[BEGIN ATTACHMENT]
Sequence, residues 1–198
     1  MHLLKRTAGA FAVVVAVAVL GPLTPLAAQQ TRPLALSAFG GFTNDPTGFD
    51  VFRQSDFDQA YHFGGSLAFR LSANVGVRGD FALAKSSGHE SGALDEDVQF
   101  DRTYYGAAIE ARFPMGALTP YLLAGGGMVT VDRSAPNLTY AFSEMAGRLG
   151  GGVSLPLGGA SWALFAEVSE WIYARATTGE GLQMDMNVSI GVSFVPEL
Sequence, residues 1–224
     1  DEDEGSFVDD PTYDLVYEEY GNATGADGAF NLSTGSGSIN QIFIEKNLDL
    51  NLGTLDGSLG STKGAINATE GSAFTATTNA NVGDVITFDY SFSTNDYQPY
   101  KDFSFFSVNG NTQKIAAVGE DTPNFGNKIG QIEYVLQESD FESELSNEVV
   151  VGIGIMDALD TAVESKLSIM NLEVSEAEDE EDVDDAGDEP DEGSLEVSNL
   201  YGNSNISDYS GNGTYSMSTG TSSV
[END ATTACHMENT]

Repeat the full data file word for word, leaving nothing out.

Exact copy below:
Sequence, residues 1–198
     1  MHLLKRTAGA FAVVVAVAVL GPLTPLAAQQ TRPLALSAFG GFTNDPTGFD
    51  VFRQSDFDQA YHFGGSLAFR LSANVGVRGD FALAKSSGHE SGALDEDVQF
   101  DRTYYGAAIE ARFPMGALTP YLLAGGGMVT VDRSAPNLTY AFSEMAGRLG
   151  GGVSLPLGGA SWALFAEVSE WIYARATTGE GLQMDMNVSI GVSFVPEL
Sequence, residues 1–224
     1  DEDEGSFVDD PTYDLVYEEY GNATGADGAF NLSTGSGSIN QIFIEKNLDL
    51  NLGTLDGSLG STKGAINATE GSAFTATTNA NVGDVITFDY SFSTNDYQPY
   101  KDFSFFSVNG NTQKIAAVGE DTPNFGNKIG QIEYVLQESD FESELSNEVV
   151  VGIGIMDALD TAVESKLSIM NLEVSEAEDE EDVDDAGDEP DEGSLEVSNL
   201  YGNSNISDYS GNGTYSMSTG TSSV